by Chris Martenson
We talk a lot about Peak Cheap Oil as the Achilles’ heel of the exponential monetary model, but the real threat to the quality of our daily lives would be a sustained loss of electrical power. Anything over a week without power for any modern nation would be a serious problem.
When the power goes out, everything just stops. For residential users, even a few hours begins to intrude heavily as melting freezers, dying cell phones, and the awkward realization that we don’t remember how to play board games nudge us out of our comfort zone.
However, those are just small inconveniences.
For industrial and other heavy users, the impact of even a relatively short outage can be expensive or even ghastly. Hospitals and people on life-assisting machinery are especially vulnerable. Without power, aluminum smelters face the prospect of the molten ore solidifying in the channels from which it must be laboriously removed before operations can be restarted.
Many types of nuclear power plants have to switch to back-up diesel generators to keep the cooling pumps running. And if those stop for any reason (like they run out of fuel), well, Fukushima gave us a sense of how bad things can get.
And of course banking stops, ATMs are useless, and gas stations cannot pump gas. Just ask the people of New Jersey in the aftermath of Hurricane Sandy.
A blackout of a few hours results in an inconvenience for everyone and something to talk about.
But one more than a day or two long? Things begin to get a bit tense; especially in cities, and doubly so if it happens in the hot mid-summer months.
Anything over a week and we start facing real, life-threatening issues. National Geographic ran a special presentation, American Blackout, in October 2013 — it presented a very good progression covering exactly what a timeline of serious grid disruption would look and feel like. I recommend the program for those interested.
We’re exploring this risk because there are a number of developments that could knock out the power grid for a week or more. They include a coronal mass ejection (CME), a nuclear electromagnetic pulse (EMP) device, a cascading grid failure, and malicious hacking or electronic attacks.
It’s the cyber-electronic front that’s especially concerning these days, as we depend so vitally on so many systems that operate completely dependent on computer controls.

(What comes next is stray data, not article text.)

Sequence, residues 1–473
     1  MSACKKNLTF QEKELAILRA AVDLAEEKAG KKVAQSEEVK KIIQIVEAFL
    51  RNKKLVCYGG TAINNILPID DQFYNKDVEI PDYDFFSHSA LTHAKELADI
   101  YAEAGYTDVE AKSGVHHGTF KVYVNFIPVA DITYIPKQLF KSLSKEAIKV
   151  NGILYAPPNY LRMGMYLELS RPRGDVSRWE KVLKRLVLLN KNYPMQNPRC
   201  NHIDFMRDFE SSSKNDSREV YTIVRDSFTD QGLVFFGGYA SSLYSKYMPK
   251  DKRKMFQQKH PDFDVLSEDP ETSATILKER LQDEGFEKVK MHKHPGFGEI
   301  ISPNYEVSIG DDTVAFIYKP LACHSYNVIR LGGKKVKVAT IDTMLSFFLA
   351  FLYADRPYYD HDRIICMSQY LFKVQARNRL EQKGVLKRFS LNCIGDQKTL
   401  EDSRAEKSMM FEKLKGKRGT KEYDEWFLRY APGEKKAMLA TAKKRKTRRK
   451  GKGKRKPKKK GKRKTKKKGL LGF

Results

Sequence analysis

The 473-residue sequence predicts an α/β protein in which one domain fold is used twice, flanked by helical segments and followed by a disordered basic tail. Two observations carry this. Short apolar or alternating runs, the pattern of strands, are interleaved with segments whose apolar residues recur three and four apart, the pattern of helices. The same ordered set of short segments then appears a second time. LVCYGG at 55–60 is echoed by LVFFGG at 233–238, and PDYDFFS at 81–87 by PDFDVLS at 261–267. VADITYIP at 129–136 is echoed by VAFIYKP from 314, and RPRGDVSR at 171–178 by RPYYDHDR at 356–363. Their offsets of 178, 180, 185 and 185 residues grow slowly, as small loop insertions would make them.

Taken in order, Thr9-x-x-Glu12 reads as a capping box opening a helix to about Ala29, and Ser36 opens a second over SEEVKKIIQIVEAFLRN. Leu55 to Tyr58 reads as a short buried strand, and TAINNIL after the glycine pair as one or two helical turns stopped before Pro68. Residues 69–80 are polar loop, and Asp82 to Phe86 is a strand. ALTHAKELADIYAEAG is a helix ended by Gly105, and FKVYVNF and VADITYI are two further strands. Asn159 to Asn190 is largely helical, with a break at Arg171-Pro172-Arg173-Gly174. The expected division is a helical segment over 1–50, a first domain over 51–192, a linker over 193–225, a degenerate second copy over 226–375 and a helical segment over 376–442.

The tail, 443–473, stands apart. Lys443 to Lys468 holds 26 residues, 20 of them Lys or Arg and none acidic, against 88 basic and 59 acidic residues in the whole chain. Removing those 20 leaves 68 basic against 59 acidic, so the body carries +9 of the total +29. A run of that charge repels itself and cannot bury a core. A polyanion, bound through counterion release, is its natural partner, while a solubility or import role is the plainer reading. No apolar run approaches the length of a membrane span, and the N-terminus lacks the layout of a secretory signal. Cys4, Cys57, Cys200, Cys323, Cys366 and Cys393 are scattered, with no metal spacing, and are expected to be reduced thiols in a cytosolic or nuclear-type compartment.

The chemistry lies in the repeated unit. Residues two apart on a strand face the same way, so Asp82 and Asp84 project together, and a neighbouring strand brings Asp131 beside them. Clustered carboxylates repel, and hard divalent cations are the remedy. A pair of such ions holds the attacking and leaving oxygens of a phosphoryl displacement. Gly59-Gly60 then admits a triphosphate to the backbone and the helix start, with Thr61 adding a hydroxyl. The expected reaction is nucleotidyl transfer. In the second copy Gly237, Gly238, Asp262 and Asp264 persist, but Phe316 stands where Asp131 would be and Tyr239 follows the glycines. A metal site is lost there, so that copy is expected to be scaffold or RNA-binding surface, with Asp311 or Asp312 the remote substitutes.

Many critical manufacturing and power generation systems are especially vulnerable to such attacks, as the Stuxnet virus showed in Iran where it is believed to have ruined thousands of delicate uranium enrichment centrifuges by overriding their commands and causing them to literally spin themselves to pieces.
As one Peak Prosperity member recently wrote:
My great fear is not supersonic missiles, it’s a combined-arms cyber attack plus (as necessary) kinetic assault on the power grid, with the “calling card” being left pointing to some convenient domestic extremist group scapegoat.
The FERC (Federal Energy Regulatory Commission) released a report that suggested the US power grid could be knocked out for “weeks if not months” by taking out only 9 substations using a coordinated kinetic attack.
In last April’s attack at PG&E Corp.’s Metcalf substation, gunmen shot 17 large transformers over 19 minutes before fleeing in advance of police. The state grid operator was able to avoid any blackouts.
The Metcalf substation sits near a freeway outside San Jose, Calif. Some experts worry that substations farther from cities could face longer attacks because of their distance from police. Many sites aren’t staffed and are protected by little more than chain-link fences and cameras.
So this power station assault actually happened. This whole thing isn’t just someone’s crazy dream.
You can be certain that such concerns are very high on the list of things that the NSA worries about, and which it feels justify the use of whatever electronic eavesdropping may be necessary to guard against.
A widespread loss of the electrical grid for even one week would be devastating for a number of reasons. First the fuel refining, manufacturing, distribution and delivery systems would cease to function. After emergency generators are used to move and distribute what processed fuel is in the system, are only remaining fuel will be that brought into the country from other regions of the world.
Within a very short time, perhaps just days or hours of what is perceived to be a sustained loss of electrical power, the fuel system will be placed under emergency triage rationing — with hospitals, nuclear generation plants, the military, police and other emergency services consuming 100% of what’s available. Sorry, none for you.
With every additional day that the electricity is out the damage to the afflicted nation mounts. Food, fuel, and water, become scarce and sanitation problems rapidly accumulate.
Here’s the thing: cyber penetrations and outright kinetic attacks on US power grid elements have already happened. Given the extreme disruption that would result from any successful future attacks, you should have some personal preparations in place.
Our Woeful Grid
The US power grid, as a whole, is anything but modern and robust. Huge swaths of it were built decades ago. It remains largely a centralized generation and distribution system, one in which the failure of a remarkably few ‘nodes’ would be catastrophic.
It’s millions of miles of lines, utility poles, towers, substations and generating stations. Here’s a good, short description:
Today , the US electric power grid serves about 125 million residential customers, 17.6 million commercial customers, and 775,000 industrial customers. These various categories of customers account, respectively, for about 37%, 36%, and 27% of electricity consumption annually.
Electricity is produced at large power plants typically located in remote areas and delivered into high-voltage transmission lines that transport it across long distances to regional and neighborhood substations, where the voltage is stepped down to a current that can be used in homes and offices and fed into a local distribution grid.